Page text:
Former Rep. Tom Delay, R-Texas, talks with reporters after a lunch meeting of the Texas Republicans in the capitol on the day his conviction for corruption was overturned by a Texas appeals court.
Tom Williams—CQ-Roll Call,Inc.
By Alex Rogers
October 2, 2014

After former House Majority Leader Tom DeLay beat back money-laundering charges in Texas’ highest criminal court Wednesday, he drove with his family and friends to Willie’s Grill & Ice House in Sugar Land for a burger, fries and onion rings.

“Are you kidding me,” asked DeLay, laughing, when asked how he’s doing. “I feel great.”

DeLay has waited a long time to be removed from the yoke of legal troubles. In 2005, DeLay stepped down from his Majority Leader post after a Texas grand jury indicted him on charges that he improperly funneled donations to Texas House candidates. On Wednesday, the Texas Court of Criminal Appeals upheld an earlier ruling throwing out his conviction in 2010. DeLay has also weathered various ethics charges raised against him by Democrats in 1996 and 1998 as well as and a federal lawsuit accusing the then-Majority Whip of racketeering in 2000.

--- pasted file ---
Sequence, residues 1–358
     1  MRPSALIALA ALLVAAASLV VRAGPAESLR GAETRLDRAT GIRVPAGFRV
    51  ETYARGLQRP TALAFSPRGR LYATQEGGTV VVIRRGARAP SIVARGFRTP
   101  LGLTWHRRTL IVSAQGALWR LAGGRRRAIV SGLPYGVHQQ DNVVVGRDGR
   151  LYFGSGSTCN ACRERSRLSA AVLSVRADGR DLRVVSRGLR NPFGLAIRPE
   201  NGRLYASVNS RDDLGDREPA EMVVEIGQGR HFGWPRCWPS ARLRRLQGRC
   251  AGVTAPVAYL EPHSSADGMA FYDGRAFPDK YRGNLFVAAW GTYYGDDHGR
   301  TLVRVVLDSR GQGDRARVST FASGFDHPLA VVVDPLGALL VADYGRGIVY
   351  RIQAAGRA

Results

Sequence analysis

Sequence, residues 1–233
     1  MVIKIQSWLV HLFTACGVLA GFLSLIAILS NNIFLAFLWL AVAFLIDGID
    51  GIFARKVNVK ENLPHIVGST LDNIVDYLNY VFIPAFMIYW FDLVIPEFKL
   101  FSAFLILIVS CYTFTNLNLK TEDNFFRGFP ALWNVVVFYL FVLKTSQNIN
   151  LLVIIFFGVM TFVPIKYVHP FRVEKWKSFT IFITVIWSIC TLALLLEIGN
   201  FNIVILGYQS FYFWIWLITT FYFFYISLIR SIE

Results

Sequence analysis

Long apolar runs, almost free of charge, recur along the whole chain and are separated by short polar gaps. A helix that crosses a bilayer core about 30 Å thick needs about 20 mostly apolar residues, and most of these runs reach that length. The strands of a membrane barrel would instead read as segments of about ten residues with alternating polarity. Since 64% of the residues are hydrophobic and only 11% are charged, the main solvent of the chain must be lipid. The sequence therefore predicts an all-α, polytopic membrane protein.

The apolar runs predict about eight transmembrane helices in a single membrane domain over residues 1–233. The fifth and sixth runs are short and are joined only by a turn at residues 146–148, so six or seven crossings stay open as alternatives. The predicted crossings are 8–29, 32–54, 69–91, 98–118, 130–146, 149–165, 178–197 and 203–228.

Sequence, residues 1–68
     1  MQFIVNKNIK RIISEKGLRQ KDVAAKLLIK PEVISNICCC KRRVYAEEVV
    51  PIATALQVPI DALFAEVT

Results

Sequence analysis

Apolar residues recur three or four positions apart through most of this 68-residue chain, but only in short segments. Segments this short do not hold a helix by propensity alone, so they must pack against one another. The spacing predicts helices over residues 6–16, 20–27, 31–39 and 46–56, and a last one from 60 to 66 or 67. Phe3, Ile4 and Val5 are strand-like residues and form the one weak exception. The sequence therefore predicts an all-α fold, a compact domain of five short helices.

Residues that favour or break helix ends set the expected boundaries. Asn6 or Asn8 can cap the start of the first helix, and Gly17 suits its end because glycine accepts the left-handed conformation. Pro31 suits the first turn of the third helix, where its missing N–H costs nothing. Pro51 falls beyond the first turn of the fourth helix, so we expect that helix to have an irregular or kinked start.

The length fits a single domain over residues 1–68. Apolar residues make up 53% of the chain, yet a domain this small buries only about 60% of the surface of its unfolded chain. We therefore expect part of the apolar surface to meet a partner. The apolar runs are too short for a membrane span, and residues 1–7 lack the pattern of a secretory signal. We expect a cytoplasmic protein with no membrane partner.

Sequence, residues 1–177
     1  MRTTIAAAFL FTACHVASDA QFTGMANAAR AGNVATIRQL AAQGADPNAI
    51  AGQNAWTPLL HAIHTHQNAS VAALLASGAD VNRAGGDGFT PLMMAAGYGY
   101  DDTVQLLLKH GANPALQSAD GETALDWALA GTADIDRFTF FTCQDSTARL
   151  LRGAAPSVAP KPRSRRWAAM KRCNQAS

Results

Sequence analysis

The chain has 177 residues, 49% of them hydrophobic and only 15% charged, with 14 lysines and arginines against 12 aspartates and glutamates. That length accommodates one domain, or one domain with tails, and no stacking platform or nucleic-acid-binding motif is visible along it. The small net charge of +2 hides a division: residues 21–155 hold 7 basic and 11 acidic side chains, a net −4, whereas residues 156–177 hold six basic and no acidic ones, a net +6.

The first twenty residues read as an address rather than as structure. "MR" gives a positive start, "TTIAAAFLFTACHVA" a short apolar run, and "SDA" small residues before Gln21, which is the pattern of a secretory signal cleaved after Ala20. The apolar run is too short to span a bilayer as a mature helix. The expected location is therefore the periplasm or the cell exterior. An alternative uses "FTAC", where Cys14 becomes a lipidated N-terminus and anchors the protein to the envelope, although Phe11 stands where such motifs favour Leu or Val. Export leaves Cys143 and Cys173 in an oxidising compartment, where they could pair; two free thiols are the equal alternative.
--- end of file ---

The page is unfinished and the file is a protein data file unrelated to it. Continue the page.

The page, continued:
DeLay told TIME that his legal fees for “all of that” is “well over $12 million.”

Unsurprisingly, DeLay blames the Democrats for his downfall, arguing that they exploited a “stupid” Republican Party law that requires members to give up leadership posts if they are indicted.

“This is part of the criminalization of politics that the left is very much involved in,” he says. “It’s not just me—They did it to [Texas] Gov. Rick Perry, I contend they did it to [Virginia] Gov. Bob McDonnell, they’re trying to do it [Wisconsin] Gov. Scott Walker and many others.”

The legal battles haven’t sapped his enthusiasm for politics, however. When asked if he would consider running for office, DeLay left the door open.

“I don’t know what the Lord has for me,” he said. “I’m just excited about my new life. And I can get on with it.”

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